Fox Chapel, Kiski Area hockey teams meet for 3rd time with Class A title on line

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Sunday, March 19, 2023 | 7:46 PM


Fox Chapel and Kiski Area had different journeys during the PIHL Class A playoffs but wound up at the same destination.

They will face off Monday night to see which program will lift its first Penguins Cup.

Top-seeded Fox Chapel (20-2) advanced to the championship after knocking off Norwin, the defending Penguins Cup champion, 7-3. Kiski Area (18-5), the No. 4 seed from the Blue Division, beat Greensburg Salem, 3-1, in the semifinals.

The Foxes and Cavaliers meet at 8:45 p.m. at UPMC Lemieux Sports Complex in Cranberry. In the regular season, Fox Chapel beat Kiski Area in both meetings by a combined score of 15-4.

“I’m really proud of this group with the hard work they’ve put in so far,” Fox Chapel coach Cam Raidna said. “Even from last year, they took what we learned from last year and used it as motivation going into this year.

“We aren’t taking Kiski lightly. Kiski always gives us a great game. It’s always tough to play against them. We need to make sure we’re ready to go and use the same motivation that we’ve been using and the same work ethic we’ve still been using.”

The Foxes beat Quaker Valley, 5-3, in the quarterfinals March 9.

Liam Wiseman has six points in the playoffs (five goals and one assist). He recorded a hat trick in the semifinal win over Norwin as he scored an even-strength, power-play and short-handed goal.

In both playoff games, Fox Chapel finished strong, outscoring its opponents 7-1 in the third period. The Foxes trailed by a goal heading into the third against Quaker Valley and scored three unanswered. In the semifinals, Fox Chapel led by only a goal but outscored Norwin, 4-1, in the final period, including a pair of Wiseman goals.

“When you have a good third period like that, you hope that momentum gets taken into the next game,” Raidna said. “When the pressure is on, we tend to play our best hockey, which is why our third periods tend to be a little stronger. We have to play every period like it’s the third period.”

Goalie Joe Rattner made 13 saves in the win over Quaker Valley and 16 saves in the win over Norwin.

The Cavaliers had to play an extra game to reach the championship.

Kiski Area beat Avonworth, 4-3, in the play-in round Feb. 28, rallying from behind twice. The Cavaliers trailed 2-0 and 3-2 before Kyle Guido’s short-handed goal tied the score. Ethan George provided the winner.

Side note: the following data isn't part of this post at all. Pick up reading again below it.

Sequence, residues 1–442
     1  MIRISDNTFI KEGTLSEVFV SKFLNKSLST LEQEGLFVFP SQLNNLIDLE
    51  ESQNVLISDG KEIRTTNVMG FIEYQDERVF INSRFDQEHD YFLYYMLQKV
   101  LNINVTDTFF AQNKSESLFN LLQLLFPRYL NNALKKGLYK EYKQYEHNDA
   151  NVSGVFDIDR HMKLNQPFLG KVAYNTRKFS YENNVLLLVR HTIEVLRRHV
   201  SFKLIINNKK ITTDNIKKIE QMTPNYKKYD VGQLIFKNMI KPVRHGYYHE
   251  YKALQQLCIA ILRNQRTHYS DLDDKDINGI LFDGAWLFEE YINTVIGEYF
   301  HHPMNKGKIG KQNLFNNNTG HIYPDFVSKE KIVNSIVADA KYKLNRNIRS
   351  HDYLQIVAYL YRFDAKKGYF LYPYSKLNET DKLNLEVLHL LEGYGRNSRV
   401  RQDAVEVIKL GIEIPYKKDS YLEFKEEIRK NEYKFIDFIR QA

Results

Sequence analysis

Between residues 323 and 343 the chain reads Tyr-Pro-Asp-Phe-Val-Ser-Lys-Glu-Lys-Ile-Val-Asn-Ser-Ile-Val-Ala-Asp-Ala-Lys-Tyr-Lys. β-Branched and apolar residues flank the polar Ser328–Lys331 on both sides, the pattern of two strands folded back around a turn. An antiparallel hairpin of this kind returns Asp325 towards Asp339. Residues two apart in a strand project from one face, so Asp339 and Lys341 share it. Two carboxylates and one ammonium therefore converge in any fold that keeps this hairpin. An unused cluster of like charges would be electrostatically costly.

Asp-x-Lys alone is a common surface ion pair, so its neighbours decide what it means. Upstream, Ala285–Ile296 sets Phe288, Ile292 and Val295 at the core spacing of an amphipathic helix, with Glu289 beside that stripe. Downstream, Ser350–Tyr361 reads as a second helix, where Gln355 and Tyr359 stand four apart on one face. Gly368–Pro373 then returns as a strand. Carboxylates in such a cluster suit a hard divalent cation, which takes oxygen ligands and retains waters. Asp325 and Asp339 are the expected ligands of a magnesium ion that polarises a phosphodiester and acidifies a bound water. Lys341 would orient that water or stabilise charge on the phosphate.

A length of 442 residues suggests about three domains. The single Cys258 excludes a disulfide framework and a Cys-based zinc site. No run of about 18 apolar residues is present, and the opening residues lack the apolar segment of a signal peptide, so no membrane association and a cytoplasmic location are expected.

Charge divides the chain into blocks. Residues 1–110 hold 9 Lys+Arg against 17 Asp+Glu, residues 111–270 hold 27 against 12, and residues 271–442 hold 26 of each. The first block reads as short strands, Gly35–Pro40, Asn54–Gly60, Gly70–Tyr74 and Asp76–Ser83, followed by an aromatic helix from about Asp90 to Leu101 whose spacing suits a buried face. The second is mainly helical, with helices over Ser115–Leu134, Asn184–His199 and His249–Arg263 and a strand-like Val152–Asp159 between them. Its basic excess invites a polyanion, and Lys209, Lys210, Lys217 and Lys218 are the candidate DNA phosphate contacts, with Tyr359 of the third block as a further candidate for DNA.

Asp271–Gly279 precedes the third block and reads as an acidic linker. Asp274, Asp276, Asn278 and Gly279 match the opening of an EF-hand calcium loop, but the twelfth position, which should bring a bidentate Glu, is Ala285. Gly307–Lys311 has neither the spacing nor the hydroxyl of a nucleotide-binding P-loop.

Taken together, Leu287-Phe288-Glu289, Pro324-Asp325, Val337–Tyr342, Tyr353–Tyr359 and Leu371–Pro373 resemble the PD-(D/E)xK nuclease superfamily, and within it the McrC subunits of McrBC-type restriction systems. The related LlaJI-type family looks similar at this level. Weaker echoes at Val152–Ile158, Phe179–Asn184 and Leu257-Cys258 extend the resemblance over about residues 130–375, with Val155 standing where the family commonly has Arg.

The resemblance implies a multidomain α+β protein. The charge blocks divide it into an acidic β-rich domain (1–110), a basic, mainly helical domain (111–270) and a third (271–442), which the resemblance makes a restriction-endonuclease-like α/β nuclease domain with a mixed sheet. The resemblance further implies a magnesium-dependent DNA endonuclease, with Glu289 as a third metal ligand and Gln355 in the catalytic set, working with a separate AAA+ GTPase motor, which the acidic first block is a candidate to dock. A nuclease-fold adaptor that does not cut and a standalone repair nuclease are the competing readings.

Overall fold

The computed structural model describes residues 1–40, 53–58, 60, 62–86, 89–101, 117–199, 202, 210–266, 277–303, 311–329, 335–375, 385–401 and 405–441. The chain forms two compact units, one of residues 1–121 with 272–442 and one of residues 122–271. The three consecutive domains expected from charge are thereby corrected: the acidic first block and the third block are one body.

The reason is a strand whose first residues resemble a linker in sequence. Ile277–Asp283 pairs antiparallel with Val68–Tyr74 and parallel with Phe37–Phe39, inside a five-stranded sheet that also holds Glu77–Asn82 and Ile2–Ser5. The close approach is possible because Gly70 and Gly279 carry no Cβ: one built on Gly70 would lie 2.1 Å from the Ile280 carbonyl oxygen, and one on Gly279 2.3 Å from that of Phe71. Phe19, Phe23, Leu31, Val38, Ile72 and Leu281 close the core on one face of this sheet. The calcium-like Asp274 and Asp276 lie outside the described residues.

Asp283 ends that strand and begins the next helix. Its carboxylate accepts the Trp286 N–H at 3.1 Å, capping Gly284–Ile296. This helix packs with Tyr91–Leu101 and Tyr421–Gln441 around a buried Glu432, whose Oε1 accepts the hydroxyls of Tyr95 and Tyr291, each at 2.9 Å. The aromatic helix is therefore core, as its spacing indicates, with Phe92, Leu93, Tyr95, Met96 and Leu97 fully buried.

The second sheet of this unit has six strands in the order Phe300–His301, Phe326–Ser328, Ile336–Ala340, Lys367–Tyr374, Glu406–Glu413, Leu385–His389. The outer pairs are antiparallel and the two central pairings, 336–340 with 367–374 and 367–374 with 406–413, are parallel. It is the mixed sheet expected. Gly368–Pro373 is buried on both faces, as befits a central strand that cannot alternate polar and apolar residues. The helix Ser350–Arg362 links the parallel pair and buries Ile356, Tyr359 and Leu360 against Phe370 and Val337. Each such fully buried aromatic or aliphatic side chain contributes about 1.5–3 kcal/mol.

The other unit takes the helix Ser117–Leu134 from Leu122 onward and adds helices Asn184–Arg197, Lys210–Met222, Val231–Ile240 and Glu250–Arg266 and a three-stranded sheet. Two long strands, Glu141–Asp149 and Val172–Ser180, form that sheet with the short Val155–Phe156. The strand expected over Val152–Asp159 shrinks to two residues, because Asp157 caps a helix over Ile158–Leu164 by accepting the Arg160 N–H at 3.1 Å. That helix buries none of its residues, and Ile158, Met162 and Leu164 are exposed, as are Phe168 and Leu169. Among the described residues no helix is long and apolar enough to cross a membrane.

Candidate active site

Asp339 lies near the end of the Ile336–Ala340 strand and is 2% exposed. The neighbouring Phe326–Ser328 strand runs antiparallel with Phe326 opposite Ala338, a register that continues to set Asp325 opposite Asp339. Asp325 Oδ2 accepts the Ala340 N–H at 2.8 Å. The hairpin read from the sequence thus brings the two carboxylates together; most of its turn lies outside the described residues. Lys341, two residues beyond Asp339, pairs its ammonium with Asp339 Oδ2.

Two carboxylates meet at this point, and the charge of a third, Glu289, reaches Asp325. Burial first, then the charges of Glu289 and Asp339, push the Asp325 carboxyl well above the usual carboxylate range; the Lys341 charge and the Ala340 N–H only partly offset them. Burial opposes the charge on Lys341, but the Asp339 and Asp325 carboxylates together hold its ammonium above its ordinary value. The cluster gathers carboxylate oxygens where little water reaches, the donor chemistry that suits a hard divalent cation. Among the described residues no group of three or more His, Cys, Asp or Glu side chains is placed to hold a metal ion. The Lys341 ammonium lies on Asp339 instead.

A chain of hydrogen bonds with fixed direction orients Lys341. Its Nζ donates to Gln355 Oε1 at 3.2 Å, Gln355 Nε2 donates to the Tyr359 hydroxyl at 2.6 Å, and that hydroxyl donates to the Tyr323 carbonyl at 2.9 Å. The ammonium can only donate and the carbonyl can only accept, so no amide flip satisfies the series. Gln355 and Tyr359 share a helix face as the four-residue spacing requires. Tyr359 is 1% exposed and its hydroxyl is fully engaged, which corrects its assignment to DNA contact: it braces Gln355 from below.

In the quarterfinals, the Cavaliers beat North Hills, the No. 1 seed from the Gold Division, 3-2.

George has led the Cavaliers offensively during the playoffs with six points (four goals, two assists). George scored all three goals in the semifinal win over Greensburg Salem. Guido has five points in the playoffs (two goals, three assists).

Evin Brice, who has allowed only six goals during the postseason, has made critical saves during the Cavaliers’ playoff run. Brice had 21 saves in the win over Greensburg Salem, 24 against Avonworth and 27 against North Hills.

Mason Heiiniger recorded nine points in the playoffs for the Foxes (three goals and six assists). Danny Downey has four goals and an assist, and Wiseman added two goals and two assists. Killian Kissane has five points (two goals, three assists).

“The experience you can take from playing them is something you can learn from,” Raidna said. “But at the same time, it’s the playoffs. It’s the championship, so anything can happen and the game needs to be played. Anything that happened in the regular season can be thrown out the window. You need to be ready for one game, winner takes all.”

Fox Chapel could take a lesson from Greensburg Salem, which also beat Kiski Area twice in the regular season — by a combined score of 12-3 — before losing to the Cavs in the playoffs.

“At the beginning of the season, they were playing like individuals,” Cavaliers coach Mark Hastings said. “They know what they have to do. They know they need to play more as a team and move the puck more.”

This is foreign territory for both programs, but Raidna hopes his team takes a second to soak in the atmosphere before the puck drops.

“It’s an awesome thing these kids get to experience that not a lot of players get to experience in high school. I hope we take a moment to enjoy the moment but then we get right down to business and play hockey,” Raidna said.

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